Small-scale business enterprises in the Philippines: survey and empirical analysis.ABSTRACT
This paper is a two-part study of small-scale business enterprises in the Philippines: survey and empirical analysis, both of which are combined in an attempt to understand what determines entrepreneurial motivations and success in the Philippines. The survey was conducted in order to study entrepreneurship development and motivations in the Philippines and also to understand the challenges and sacrifices faced by Filipino entrepreneurs. In particular, this survey is quite comprehensive in scope and comprised 202 questions. Aside from data on the general characteristics of the business enterprise and the entrepreneur, the survey also asks questions about important issues in the study of entrepreneurship such as entrepreneurial intensity, sacrifice, motivation, business plans, the business' effect on the entrepreneur's quality of life, the entrepreneur's personal beliefs and attitudes, and difficulties and problems that the entrepreneur encountered at different stages of operating the business enterprise. This study also presents an empirical analysis of the determinants of success by Filipino small businesses. This analysis made use of the survey data and is based on the estimation estimation
In mathematics, use of a function or formula to derive a solution or make a prediction. Unlike approximation, it has precise connotations. In statistics, for example, it connotes the careful selection and testing of a function called an estimator. of a regression model using Ordinary Least Squares technique.
Since the 1990s, there has been a resurgence re·sur·gence
1. A continuing after interruption; a renewal.
2. A restoration to use, acceptance, activity, or vigor; a revival. of interest on the role of small-scaled business enterprises or small and medium enterprises (both will be referred to as "SMEs" hereafter In the future.
The term hereafter is always used to indicate a future time—to the exclusion of both the past and present—in legal documents, statutes, and other similar papers. ) in national and international economic and social development. This is consistent with the overall shift of development strategies in many countries toward a more decentralized de·cen·tral·ize
v. de·cen·tral·ized, de·cen·tral·iz·ing, de·cen·tral·iz·es
1. To distribute the administrative functions or powers of (a central authority) among several local authorities. , even localized, approach. As such, many scholars, practitioners, and institutions involved in economic development have begun to recognize the important roles that smaller-scale business entities play in the economy and society. More and more people are becoming convinced that these entities can be a very effective means of achieving, not only economic progress, but social goals (e.g., a more equal income and a greater appreciation for diversity in gender and race) as well. All of these suggest a greater need to increase our understanding of the nature and capabilities of family businesses and SMEs and the kinds of policies and incentive systems that would be appropriate, necessary, and effective in encouraging and strengthening them.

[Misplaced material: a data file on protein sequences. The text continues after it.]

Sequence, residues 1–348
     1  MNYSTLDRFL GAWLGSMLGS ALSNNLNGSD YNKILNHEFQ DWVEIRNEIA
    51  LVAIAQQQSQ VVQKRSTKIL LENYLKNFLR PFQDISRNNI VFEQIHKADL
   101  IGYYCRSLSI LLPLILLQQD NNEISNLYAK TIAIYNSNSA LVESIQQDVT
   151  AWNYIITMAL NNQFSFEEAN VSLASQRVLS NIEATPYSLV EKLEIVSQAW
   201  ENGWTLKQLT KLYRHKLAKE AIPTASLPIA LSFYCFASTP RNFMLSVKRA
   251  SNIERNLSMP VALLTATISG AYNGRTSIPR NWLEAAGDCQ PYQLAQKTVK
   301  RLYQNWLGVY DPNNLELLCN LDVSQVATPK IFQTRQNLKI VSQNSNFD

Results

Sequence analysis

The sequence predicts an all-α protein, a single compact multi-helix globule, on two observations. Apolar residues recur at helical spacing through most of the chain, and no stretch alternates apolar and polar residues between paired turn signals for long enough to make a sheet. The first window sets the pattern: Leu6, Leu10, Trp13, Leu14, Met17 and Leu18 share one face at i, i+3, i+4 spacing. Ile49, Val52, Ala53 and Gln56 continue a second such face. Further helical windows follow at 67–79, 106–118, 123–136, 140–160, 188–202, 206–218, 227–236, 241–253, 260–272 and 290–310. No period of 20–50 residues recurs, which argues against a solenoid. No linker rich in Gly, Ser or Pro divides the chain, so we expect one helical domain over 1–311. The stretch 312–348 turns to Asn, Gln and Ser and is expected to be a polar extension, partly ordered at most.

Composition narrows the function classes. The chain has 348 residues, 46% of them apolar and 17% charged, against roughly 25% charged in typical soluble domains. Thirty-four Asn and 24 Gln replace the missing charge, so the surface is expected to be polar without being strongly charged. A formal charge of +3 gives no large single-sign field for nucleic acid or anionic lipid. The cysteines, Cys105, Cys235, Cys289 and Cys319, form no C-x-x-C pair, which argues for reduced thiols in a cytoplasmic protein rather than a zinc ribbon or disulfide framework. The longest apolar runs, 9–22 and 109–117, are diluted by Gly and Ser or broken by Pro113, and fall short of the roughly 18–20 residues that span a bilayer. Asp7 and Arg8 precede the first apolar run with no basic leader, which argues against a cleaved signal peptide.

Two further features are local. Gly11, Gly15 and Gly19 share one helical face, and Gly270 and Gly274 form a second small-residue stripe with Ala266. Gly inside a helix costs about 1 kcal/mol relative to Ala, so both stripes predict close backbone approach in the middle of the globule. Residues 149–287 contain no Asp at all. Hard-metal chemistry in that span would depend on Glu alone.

REVIEW OF ISSUES AND RELATED STUDIES
Like those in other countries, SMEs in the Philippines make significant contributions to the overall economy and the country's pursuit of economic development. Data show Filipino SMEs to make up more than 99% of all businesses in the country, provide more than two-thirds of the country's employment, and is responsible for almost one-third of the country's income (Philippine Department The Philippine Department (Philippine Garrison -- The Battling Bastards of Bataan) was a regular US Army unit, defeated in the Philippines, during World War II. The mission of the Philippine Department was to defend the Philippine Islands and train the Philippine Army. of Trade and Industry, 2003). Given their economic importance (others also highlight their social significance), Filipino SMEs are an interesting subject of study. Consequently, one would expect to find numerous studies on them. This, however, is not the case, most probably because of a number of issues that complicate com·pli·cate
tr. & intr.v. com·pli·cat·ed, com·pli·cat·ing, com·pli·cates
1. To make or become complex or perplexing.
2. To twist or become twisted together.
1. their study.
One of these issues has to do with the different perspectives on different aspects related to SMEs. Depending on which perspective the researcher uses as the primary source of insight and information, one gets a very different picture. In the study of Filipino SMEs, at least 3 different perspectives could be identified: that of policymakers, SME (1) (Small and Medium-sized Enterprise) See SMB.